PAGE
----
Lives of the fellows

Brian McConkey

b.14 March 1922 d.30 January 2008
BM BCh Oxon(1946) MRCP(1947) DM(1959) FRCP(1971)

Brian McConkey was a consultant physician and a specialist in rheumatology at Dudley Road and St Chad’s hospitals, Birmingham. He was born in Simla, India, the son of Alan Ivor Gray McConkey, who was in the Army, and Norah née Coolican. He was educated at Cheltenham College and then Oxford University, where he was president of the Oxford Union Judo Club. Following house officer appointments in Oxford, he served in the RAMC for four years, including a period in Suez. He was subsequently a medical registrar at the Royal Masonic Hospital and then a senior registrar in Cardiff.

His MD had been in renal medicine and he had planned to make a career in this specialty, but once he arrived in Birmingham, he was encouraged to take up an interest in rheumatology and trained after appointment at the Queen Elizabeth Hospital with Clifford Hawkins [Munk’s Roll, Vol.IX, p.227]. This serendipitous switch resulted in some quite remarkable contributions to the scientific basis of his newly adopted specialty. Much to his credit, whilst working from a small shared office and taking full part in the medical acute take, he mentored several rheumatology research fellows and registrars, some of whom were inspired to progress to professorial and consultant posts. His team made observations which are still today key to the practice of clinical rheumatology.

Brian was first to describe the use of C-reactive protein (CRP) and other acute phase proteins to monitor disease activity in rheumatoid arthritis and correlated changes with the rate of radiological progression. CRP was thought a better marker than erythrocyte sedimentation rate (ESR) as it was not influenced by age, sex or anaemia and samples could be transported and stored more easily.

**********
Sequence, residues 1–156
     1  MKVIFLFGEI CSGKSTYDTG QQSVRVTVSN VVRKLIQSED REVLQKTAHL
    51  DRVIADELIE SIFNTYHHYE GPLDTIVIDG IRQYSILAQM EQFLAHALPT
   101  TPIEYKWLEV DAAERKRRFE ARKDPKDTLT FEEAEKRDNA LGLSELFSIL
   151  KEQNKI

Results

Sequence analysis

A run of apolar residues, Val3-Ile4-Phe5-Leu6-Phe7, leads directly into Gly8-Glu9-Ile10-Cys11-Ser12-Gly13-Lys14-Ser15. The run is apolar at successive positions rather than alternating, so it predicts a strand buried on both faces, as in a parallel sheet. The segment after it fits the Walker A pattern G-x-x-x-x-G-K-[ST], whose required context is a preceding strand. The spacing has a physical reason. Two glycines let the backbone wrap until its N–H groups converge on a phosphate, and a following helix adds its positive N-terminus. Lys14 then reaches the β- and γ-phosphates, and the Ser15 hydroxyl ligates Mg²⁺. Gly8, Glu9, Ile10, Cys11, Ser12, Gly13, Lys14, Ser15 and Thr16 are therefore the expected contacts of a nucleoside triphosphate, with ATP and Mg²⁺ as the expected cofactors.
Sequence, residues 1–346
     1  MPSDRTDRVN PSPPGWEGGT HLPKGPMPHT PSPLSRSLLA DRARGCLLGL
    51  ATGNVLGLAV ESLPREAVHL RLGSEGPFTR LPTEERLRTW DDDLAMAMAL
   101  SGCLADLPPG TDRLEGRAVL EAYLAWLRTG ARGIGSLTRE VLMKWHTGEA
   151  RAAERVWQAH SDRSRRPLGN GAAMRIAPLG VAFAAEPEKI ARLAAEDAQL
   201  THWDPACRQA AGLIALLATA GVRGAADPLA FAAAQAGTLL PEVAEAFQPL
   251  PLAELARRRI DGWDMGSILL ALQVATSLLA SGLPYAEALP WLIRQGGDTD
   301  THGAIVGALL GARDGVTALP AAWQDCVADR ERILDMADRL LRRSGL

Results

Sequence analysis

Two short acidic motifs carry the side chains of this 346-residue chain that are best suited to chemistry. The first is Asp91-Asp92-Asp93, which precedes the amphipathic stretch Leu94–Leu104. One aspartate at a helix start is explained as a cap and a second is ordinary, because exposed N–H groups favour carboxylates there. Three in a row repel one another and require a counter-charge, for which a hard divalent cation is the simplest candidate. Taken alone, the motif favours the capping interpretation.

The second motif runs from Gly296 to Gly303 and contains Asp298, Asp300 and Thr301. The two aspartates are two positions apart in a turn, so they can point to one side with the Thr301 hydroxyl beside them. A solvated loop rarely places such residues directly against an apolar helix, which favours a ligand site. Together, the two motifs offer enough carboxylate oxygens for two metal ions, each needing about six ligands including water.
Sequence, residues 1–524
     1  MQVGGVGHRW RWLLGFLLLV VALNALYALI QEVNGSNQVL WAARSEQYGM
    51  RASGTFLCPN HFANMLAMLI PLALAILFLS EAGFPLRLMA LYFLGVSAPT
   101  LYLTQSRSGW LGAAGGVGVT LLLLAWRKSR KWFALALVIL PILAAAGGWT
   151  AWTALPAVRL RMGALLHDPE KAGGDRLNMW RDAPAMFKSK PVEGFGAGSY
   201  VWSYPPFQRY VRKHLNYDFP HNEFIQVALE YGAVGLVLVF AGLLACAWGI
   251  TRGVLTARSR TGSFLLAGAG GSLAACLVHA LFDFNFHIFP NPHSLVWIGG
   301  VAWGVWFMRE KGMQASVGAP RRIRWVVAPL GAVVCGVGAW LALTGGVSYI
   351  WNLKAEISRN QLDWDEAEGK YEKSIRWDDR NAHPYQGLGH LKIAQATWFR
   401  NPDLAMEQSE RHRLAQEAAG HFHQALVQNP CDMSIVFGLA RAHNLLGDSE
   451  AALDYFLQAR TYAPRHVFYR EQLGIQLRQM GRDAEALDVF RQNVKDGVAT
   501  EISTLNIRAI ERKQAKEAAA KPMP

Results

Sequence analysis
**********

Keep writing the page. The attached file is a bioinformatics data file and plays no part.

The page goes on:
He developed a system for self-scoring of rheumatoid disease activity by patients, believing that, even if blood tests and X-rays improved, little was gained if the patients felt no better. He systematically and methodically applied this to his practice for all his patients, providing a resource of wonderful benefit for subsequent studies of outcome, going on to show that patients can improve after aspirin-type drugs which do not improve CRP and ESR. This can only be achieved by what were then called ‘second line’ drugs such as sulphasalazine.

Brian became known internationally for his work establishing sulphasalazine in rheumatoid and psoriatic arthritis. After leading clinical trials in Birmingham and Leeds, he was invited to advise the American Rheumatism Association, which confirmed his findings. Brian also studied acute phase proteins in upper gastrointestinal malignancy, high dose intravenous methylprednisolone in rheumatoid arthritis, dapsone in rheumatoid arthritis and reasons why ‘second-line’ drugs are stopped early in diseases which often need treatment for ten years or more.

He took a particular interest in postgraduate education and was College adviser, and for six years postgraduate tutor at Dudley Road (later to become City Hospital), also chairing the research committee. All of these achievements were in addition to his superb skills as a clinician, frequently reflected in the feedback from his trainees and from the many surviving patients whose chronic disease he managed with good humour and humility.

He married Sheila Edmonds in 1948. They had a son (Christopher) and a daughter.

Keith Harding
Deva Situnayake
Karl Grindulis

(Volume XII, page web)

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